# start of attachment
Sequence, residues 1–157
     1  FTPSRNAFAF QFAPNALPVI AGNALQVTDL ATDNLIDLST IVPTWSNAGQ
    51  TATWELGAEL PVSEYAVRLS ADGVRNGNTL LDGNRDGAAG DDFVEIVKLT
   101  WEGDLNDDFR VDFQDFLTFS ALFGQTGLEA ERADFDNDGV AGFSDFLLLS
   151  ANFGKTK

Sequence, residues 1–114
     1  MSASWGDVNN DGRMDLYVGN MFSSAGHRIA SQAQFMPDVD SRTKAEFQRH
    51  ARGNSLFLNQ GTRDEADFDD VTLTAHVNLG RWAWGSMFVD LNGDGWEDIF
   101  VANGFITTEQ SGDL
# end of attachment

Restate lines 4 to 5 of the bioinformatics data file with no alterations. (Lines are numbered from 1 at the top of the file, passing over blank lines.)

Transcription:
   101  WEGDLNDDFR VDFQDFLTFS ALFGQTGLEA ERADFDNDGV AGFSDFLLLS
   151  ANFGKTK